The new bill requires immigrants to pass a language test and Canadian knowledge tests in either English or French. The previous bill applied these conditions to individuals from age 18- 55 but the new bill has expanded the age to include individuals between 14-64.

Dual-citizenship holders

A point that is rarely considered is the fact that some individuals hold a dual citizenship and may not be aware of it. For instance, some countries consider someone a citizen if their parents are citizens of that particular country without having to apply for a citizenship. Similarly, some countries laws extend citizenship to individuals based on their grandparents and family heritage – again without informing the individual.

Some individuals argue that Bill C-24 is undemocratic and un-Canadian.  Many individuals contest to the two-tier Canadian citizenship ideology where individuals born in Canada are considered first class Canadians and immigrants are second class citizens. Consequently, many have started signing a petition to have the bill changed. Others suggest that the bill will help reinforce Canadian identity and help fight terrorism.

Where do you stand?

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  1. From what I have seen so far, the terms “first class” and “second class” Canadians is being thrown around a lot in regards to this new bill. Are these actual legal terms that are being used or just something that people have come up with to reflect their anger towards the changes? I can understand how immigrants can have an issue with this assuming it may actually have a major impact on them, however it is only when I read the term “second class” where I myself even felt a bit offended. I want to understand where this term is coming from…

    I can see how this bill is making individuals uneasy, however I definitely have to agree with the language barriers clause. There are far too many cultured communities in Canada who spend their entire lives here without having to properly learn English. While I agree it is important for them to hold on to their heritage and culture, people should have to learn the local national language of the country they wish to reside in. It’s for basic communication and allows for more integration within our society. Too many ethnic groups are completely segregated because they choose to interact solely with members of their own groups. This serves as a problem for themselves and others when they want to study, work, run a business, etc and they cannot even communicate with others.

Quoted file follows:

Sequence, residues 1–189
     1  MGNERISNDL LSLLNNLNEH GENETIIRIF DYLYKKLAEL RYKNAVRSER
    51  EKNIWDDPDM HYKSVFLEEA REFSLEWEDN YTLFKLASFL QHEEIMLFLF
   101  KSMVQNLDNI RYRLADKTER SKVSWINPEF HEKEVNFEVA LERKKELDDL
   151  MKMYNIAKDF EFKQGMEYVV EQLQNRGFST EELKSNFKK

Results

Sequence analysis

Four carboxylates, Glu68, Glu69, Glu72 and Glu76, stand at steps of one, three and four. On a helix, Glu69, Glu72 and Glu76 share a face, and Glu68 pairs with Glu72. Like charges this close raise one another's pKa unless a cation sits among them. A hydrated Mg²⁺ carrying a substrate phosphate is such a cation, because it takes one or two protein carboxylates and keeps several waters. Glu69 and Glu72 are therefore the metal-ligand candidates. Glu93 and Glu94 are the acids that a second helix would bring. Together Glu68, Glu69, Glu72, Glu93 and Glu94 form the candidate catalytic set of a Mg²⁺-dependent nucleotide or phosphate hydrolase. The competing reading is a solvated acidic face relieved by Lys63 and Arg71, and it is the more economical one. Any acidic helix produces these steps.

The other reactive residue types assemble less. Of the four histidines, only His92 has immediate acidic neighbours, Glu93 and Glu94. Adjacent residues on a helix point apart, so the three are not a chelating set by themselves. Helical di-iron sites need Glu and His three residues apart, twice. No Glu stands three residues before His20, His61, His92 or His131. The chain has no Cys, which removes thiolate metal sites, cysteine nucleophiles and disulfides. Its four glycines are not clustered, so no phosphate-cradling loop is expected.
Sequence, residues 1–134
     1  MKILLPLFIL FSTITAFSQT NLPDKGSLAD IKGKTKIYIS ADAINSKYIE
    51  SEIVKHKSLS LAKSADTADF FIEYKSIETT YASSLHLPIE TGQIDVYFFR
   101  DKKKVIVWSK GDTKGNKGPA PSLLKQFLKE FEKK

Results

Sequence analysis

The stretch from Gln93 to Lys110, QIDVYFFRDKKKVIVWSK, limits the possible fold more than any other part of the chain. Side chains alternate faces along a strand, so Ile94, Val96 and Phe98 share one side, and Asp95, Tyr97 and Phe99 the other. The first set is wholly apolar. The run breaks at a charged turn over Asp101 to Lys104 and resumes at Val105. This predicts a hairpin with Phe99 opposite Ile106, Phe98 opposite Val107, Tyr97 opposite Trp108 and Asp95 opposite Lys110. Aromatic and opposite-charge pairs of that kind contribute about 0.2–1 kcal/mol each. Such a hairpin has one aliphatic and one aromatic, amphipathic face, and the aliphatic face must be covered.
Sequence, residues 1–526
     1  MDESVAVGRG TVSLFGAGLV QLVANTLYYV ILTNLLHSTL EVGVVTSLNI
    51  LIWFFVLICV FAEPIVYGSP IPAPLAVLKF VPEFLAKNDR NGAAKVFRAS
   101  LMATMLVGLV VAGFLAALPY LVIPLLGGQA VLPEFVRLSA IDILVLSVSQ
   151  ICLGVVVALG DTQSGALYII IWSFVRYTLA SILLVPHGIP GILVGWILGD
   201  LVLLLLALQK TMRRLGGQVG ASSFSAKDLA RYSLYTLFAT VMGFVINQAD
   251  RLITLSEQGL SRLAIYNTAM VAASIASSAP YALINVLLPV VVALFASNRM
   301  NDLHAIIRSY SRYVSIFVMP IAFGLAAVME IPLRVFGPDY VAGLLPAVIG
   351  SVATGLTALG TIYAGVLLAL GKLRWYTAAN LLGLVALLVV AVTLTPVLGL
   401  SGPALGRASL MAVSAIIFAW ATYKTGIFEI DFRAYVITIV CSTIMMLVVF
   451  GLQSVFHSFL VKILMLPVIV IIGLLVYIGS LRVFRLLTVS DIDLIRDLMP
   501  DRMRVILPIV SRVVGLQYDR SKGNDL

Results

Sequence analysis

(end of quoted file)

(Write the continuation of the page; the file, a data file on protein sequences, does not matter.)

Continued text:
Lastly, I just want to clarify your statement in regards to countries extending dual citizenship onto people whose families come from that country. Is that something that happens in Canada? For example, I was born and raised here in Canada, however both my parents were immigrants from India. Does this then potentially imply that Canada would consider me as a dual citizenship holder as well?

    Liked by 1 person

    1. Hi Ktbedi 🙂 Thanks for your comment!

      You had some great questions! The first class and second class citizens is a term that is being used by media to sensationalize the issue. If the titles are catchy – more people will read. Those terms are not used in the bill itself. It would be political suicide for the government to use such explicit discriminatory terms in the bill. However, some individuals feel that bill inadvertently does put in place a hierarchy which reinforces the idea of a two-tier citizenship status.

      With respect to your second question, yes if your parents are from a country that extends its citizenship to their children it would apply imply you have a dual citizenship despite not applying for it.

      Hope that helps!

      I hope to hear more from you!

      Liked by 1 person